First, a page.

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    Default Re: Hive Data from a home built Data Logger (Over 3+ years)

    Nice project. Just curious, where did you get the frame shaped plastic container to house the electronics?

  13. #12
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    Default Re: Hive Data from a home built Data Logger (Over 3+ years)

    Quote Originally Posted by Hogback Honey View Post
    Wow, that is a LOT of info, and a lot of work. Appreciated though, very interesting.
    Agreed, elmer_fud. I have appreciated your insights on this type of technology.

    Do you have immediate plans to incorporate some/all of your lessons learned into a v.2 system? I noticed post #7 said (if/when).
    Ecclesiastes 11:4

  14. #13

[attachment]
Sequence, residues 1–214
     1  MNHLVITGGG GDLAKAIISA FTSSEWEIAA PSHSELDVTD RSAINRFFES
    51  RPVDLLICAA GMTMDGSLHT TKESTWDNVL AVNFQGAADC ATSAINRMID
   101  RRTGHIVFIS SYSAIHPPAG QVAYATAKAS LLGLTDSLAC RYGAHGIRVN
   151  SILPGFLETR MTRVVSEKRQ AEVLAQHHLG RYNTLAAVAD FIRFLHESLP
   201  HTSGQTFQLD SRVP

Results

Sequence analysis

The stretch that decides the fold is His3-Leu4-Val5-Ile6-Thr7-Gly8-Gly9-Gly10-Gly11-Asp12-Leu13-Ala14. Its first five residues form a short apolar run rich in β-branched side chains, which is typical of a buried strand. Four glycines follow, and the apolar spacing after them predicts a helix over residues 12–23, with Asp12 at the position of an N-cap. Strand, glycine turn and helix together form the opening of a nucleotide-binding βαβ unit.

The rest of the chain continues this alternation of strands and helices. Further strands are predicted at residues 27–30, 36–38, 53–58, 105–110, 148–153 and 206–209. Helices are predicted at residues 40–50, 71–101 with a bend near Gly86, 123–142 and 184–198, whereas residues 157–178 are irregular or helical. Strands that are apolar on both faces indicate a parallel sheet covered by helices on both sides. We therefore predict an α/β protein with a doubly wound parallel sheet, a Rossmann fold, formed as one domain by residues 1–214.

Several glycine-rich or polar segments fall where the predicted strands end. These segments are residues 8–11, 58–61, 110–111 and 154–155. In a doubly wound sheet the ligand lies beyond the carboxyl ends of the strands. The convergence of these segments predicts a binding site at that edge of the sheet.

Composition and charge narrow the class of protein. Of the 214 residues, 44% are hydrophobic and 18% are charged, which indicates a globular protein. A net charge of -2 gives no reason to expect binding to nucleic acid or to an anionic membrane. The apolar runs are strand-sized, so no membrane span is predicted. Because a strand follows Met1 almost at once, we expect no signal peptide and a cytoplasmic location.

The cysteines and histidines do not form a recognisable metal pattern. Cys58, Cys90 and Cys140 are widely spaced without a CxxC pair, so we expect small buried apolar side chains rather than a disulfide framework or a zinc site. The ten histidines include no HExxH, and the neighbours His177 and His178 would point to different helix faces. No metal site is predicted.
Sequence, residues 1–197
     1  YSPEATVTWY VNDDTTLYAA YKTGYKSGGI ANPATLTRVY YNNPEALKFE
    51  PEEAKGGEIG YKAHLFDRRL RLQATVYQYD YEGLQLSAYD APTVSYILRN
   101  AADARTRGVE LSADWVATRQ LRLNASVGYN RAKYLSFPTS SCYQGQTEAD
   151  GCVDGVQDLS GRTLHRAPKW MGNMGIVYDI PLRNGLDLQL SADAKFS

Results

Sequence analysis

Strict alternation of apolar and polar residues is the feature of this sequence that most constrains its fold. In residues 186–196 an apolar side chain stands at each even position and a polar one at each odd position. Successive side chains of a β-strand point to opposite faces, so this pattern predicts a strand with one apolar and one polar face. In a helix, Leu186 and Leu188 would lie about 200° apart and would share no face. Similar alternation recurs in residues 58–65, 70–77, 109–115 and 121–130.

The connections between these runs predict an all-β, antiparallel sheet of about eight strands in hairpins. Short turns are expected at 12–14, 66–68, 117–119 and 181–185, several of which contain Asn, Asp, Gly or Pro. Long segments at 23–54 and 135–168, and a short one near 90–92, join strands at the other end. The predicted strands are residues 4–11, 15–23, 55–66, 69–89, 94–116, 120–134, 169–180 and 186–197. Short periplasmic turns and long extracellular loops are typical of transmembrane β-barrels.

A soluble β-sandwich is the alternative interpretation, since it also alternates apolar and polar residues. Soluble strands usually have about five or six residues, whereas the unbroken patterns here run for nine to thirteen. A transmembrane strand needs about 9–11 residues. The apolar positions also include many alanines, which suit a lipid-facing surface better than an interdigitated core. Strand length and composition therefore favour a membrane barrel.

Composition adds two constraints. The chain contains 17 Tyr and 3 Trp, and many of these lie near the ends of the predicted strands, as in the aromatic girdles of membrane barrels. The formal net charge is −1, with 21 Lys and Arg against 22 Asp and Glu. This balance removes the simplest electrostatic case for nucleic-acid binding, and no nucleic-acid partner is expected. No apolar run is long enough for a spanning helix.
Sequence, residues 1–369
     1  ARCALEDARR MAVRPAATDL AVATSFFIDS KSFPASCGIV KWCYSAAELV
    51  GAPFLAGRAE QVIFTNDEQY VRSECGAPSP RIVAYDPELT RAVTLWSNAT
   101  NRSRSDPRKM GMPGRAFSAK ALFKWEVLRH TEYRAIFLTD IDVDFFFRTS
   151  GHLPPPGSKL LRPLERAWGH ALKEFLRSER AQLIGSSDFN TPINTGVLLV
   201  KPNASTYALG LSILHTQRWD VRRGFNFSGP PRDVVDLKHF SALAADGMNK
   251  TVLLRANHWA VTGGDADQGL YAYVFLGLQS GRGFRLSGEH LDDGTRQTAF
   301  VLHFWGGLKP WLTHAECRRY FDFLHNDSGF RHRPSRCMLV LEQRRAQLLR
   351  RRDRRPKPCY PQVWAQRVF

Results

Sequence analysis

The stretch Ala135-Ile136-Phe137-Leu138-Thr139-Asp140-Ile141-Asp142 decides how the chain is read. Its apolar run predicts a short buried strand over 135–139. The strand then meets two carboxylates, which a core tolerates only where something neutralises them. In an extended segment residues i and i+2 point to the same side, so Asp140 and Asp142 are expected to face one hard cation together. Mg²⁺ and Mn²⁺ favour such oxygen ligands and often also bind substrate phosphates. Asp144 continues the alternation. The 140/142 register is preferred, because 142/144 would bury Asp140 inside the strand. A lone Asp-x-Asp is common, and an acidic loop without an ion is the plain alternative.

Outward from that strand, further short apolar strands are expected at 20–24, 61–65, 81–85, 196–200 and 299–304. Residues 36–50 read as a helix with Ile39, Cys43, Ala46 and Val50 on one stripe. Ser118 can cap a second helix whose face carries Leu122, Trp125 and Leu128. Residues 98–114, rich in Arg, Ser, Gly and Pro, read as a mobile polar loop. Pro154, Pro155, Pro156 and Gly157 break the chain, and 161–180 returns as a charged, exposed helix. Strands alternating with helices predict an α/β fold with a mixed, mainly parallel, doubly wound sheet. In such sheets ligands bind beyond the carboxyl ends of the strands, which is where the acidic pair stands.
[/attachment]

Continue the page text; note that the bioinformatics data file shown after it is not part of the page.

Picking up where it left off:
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    Default Re: Hive Data from a home built Data Logger (Over 3+ years)

    That's a lot of work! Appreciate you are doing it.

    Maybe interesting to measure daily sunlight hours. It seems that some days the bees mostly stay inside further into the day until the sun actually shines. So I'm wondering how cloud density/level of light effects foraging.

    There is a level of complexity with sunlight. Do bees require it for chemistry/metabolism reasons? (Thinking about how sunlight influences vitamin D levels in humans).

    Wind speed and direction and duration? If I had a weather station I would donate it.

    All the same there might be some correlations respective to other data points you are collecting.

    How many lifetimes do you have?

  15. #14
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    Default Re: Hive Data from a home built Data Logger (Over 3+ years)

    Quote Originally Posted by jonsl View Post
    Nice project. Just curious, where did you get the frame shaped plastic container to house the electronics?
    I got the box for the electronics from Digikey.

    This is the box I am using. If you search thru the boxes/enclosure section on digikey there are lots (1000's) of options.
    https://www.digikey.com/products/en?...ds=377-1764-ND
    3 Hives, Started in 2017, Learning as I go
    My data logger

  16. #15